Champ playing like his name

Writing from Glencoe, Illinois

Friday, August 4, 2017

As quarterfinal matches go, Friday’s Western Amateur showdown between Cameron Champ and Joaquin Niemann at Skokie Country Club was about as good as it gets.

Both players were in this year’s U.S. Open, with Champ finishing in a tie for 32nd.

Niemann, an 18-year-old Chilean heading into his freshman year at South Florida, is the world’s top-ranked amateur. Champ, who will be a senior at Texas A&M, could be a pro by this time next year.

Given that U.S. Walker Cup captain Spider Miller watched the competition closely, the showdown could have been for a berth on this year’s team, along with a spot in Saturday’s semifinal. It could be argued that both deserve a spot.

Miller had to be impressed with both players, but especially Champ, who showed a delicate touch chipping and uncanny accuracy putting to go with his prodigious drives.

The bomber from Sacramento dispatched the rail-thin Chilean, 3 and 2, with a mixture of all of the above, earning the right to play Doc Redman on Saturday at 8:15 a.m.

“I just grinded it out,” Champ said. “I wasn’t driving it well. Kind of squirrely.”

Champ is a tough judge. For example, take his drive on the 557-yard par-5 11th, which zigs left, then right. To mortals, this is a three-shot hole. To Champ, it’s a 381-yard belt straight over a copse of trees behind bunkers guarding the dogleg on the left side of the fairway. From there, with 176 yards to go, Champ smacked a 9-iron onto the left side of the green.

That play displayed not only his brute strength, but his smarts. Niemann, who is also silly long, hit it about 330 off the tee and poked a hybrid into the bunker guarding the right side of the green, and the hole.

Champ, saying he is “a little more aggressive” in match play compared to stroke play, aimed away from the hazard with his second, since Niemann had already found the bunker. It paid off with 40-foot two-putt birdie to Niemann’s par save, and a 3-up lead. One-up at the turn, Champ had also birdied the par-4 10th.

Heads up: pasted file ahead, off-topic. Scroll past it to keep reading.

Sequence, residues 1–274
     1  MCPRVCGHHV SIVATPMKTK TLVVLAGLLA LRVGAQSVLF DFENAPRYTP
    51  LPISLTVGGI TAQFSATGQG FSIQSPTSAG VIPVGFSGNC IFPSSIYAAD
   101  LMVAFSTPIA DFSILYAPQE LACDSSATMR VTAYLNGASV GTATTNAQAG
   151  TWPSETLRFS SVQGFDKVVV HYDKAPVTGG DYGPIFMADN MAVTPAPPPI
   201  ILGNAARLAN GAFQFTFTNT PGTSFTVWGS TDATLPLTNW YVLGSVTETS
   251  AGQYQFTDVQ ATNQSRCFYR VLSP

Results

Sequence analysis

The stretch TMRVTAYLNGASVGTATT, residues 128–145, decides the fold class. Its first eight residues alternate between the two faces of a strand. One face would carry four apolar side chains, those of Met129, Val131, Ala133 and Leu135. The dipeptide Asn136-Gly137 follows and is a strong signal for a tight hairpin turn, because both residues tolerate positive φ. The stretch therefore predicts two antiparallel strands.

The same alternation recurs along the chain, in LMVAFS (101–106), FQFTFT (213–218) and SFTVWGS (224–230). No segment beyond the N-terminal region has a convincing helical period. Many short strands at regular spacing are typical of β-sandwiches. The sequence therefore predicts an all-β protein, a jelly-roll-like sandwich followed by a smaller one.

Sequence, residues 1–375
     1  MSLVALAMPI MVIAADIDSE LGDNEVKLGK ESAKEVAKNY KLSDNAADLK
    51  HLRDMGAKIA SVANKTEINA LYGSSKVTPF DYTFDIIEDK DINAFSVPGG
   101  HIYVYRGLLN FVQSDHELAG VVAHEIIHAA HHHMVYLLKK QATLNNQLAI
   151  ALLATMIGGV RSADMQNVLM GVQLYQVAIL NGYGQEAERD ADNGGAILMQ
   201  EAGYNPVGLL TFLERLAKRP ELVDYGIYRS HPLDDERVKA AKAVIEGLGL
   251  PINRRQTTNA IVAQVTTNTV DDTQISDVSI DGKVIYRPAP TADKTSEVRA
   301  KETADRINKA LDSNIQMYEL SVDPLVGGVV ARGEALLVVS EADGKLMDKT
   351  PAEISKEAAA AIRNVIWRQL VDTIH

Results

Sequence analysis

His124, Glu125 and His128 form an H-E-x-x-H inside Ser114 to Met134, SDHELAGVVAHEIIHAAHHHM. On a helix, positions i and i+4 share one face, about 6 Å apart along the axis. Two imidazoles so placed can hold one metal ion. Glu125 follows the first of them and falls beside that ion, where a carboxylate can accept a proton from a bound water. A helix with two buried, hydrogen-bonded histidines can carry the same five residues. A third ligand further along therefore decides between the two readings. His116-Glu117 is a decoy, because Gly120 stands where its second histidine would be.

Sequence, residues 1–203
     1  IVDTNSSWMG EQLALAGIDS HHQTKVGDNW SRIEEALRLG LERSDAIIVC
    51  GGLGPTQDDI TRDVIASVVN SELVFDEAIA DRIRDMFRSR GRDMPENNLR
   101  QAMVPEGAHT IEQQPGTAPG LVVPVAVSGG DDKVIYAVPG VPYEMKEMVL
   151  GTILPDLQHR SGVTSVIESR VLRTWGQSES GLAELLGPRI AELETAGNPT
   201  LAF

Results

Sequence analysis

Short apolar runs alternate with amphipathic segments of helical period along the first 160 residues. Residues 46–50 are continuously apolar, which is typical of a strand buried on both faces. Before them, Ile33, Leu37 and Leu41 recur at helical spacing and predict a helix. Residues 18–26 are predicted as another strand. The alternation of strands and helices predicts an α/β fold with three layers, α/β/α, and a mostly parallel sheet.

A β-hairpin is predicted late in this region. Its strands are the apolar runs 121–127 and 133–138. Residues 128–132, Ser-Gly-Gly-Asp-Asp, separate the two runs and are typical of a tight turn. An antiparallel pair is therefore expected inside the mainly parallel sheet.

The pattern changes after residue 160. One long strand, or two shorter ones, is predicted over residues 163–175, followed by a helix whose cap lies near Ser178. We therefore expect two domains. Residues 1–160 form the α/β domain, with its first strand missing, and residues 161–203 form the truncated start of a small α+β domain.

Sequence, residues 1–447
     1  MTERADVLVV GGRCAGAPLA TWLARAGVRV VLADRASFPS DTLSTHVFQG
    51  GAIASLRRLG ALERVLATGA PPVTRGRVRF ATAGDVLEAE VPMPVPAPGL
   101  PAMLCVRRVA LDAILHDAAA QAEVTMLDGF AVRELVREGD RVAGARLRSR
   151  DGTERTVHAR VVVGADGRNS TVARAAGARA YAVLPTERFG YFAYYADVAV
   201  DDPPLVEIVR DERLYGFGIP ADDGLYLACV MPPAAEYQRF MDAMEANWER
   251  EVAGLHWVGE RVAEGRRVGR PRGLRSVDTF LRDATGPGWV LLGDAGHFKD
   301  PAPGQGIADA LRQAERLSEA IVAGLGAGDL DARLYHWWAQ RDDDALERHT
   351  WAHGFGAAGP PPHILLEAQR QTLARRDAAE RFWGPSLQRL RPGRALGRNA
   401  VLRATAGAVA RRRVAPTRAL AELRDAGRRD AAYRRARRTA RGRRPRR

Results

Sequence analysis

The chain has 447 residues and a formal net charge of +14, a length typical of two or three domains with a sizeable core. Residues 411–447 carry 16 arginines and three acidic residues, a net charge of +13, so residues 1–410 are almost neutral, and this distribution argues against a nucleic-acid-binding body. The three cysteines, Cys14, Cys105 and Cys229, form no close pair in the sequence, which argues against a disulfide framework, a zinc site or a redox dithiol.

Niemann cut the gap to 1-down with Champ’s double-bogey of the watery 12th and his own birdie of the 13th, but could get no closer. Champ won the 13th with a birdie, hey halved the par-4 15th with birdies, Champ doing so with a flop wedge from the gunch after a 330-yard drive. Champ closed his foe out with a two-putt par on the par-3 16th.

“The 15th hole was the best hole I played all day, hitting the flop shot to 15-18 feet,” Champ said. “That was the key to the match.”

He sank his birdie putt after Niemann had rolled in a 20-footer on the same line.

For the match, Champ was 3-under, Niemann even par, with the usual concessions.

Redman came from 1-down to beat Min Woo Lee of Perth, Australia, 3 and 2.

Derek Bard, the 2015 U.S. Amateur runner-up, will play medalist Norman Xiong in the opening semifinal at 8 a.m.. Bard scored a 2 and 1 victory over Nick Voke of Auckland, New Zealand in a match with only five halved holes to move on, while Xiong, of Canyon Lake, Calif., was forced to the 18th hole by Brendon Jelley before his matching bogey was good enough for a 1-up victory. Xiong’s birdie on the par-4 17th was the difference.

Tim Cronin

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